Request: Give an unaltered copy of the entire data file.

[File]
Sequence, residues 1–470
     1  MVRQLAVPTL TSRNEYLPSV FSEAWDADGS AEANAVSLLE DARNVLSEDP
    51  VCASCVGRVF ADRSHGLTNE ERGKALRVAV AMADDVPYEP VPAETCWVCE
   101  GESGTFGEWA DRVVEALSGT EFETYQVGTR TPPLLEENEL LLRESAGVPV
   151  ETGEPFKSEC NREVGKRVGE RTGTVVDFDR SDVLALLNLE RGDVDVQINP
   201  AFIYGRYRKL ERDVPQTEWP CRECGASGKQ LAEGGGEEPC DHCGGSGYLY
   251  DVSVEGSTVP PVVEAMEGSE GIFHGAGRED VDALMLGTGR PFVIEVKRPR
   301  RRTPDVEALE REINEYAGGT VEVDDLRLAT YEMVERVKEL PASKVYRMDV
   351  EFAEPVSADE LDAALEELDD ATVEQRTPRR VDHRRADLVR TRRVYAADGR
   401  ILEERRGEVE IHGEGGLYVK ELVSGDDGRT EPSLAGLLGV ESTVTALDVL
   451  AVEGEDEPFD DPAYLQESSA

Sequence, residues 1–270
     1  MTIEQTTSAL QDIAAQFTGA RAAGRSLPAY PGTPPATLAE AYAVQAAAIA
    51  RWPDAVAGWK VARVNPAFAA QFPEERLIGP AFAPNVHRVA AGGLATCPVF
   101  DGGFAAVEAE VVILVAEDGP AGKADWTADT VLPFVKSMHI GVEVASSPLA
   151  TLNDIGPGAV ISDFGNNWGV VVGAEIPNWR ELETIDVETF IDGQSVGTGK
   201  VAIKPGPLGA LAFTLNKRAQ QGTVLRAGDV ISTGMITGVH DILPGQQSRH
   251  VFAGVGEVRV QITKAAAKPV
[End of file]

Sequence, residues 1–470
     1  MVRQLAVPTL TSRNEYLPSV FSEAWDADGS AEANAVSLLE DARNVLSEDP
    51  VCASCVGRVF ADRSHGLTNE ERGKALRVAV AMADDVPYEP VPAETCWVCE
   101  GESGTFGEWA DRVVEALSGT EFETYQVGTR TPPLLEENEL LLRESAGVPV
   151  ETGEPFKSEC NREVGKRVGE RTGTVVDFDR SDVLALLNLE RGDVDVQINP
   201  AFIYGRYRKL ERDVPQTEWP CRECGASGKQ LAEGGGEEPC DHCGGSGYLY
   251  DVSVEGSTVP PVVEAMEGSE GIFHGAGRED VDALMLGTGR PFVIEVKRPR
   301  RRTPDVEALE REINEYAGGT VEVDDLRLAT YEMVERVKEL PASKVYRMDV
   351  EFAEPVSADE LDAALEELDD ATVEQRTPRR VDHRRADLVR TRRVYAADGR
   401  ILEERRGEVE IHGEGGLYVK ELVSGDDGRT EPSLAGLLGV ESTVTALDVL
   451  AVEGEDEPFD DPAYLQESSA

Sequence, residues 1–270
     1  MTIEQTTSAL QDIAAQFTGA RAAGRSLPAY PGTPPATLAE AYAVQAAAIA
    51  RWPDAVAGWK VARVNPAFAA QFPEERLIGP AFAPNVHRVA AGGLATCPVF
   101  DGGFAAVEAE VVILVAEDGP AGKADWTADT VLPFVKSMHI GVEVASSPLA
   151  TLNDIGPGAV ISDFGNNWGV VVGAEIPNWR ELETIDVETF IDGQSVGTGK
   201  VAIKPGPLGA LAFTLNKRAQ QGTVLRAGDV ISTGMITGVH DILPGQQSRH
   251  VFAGVGEVRV QITKAAAKPV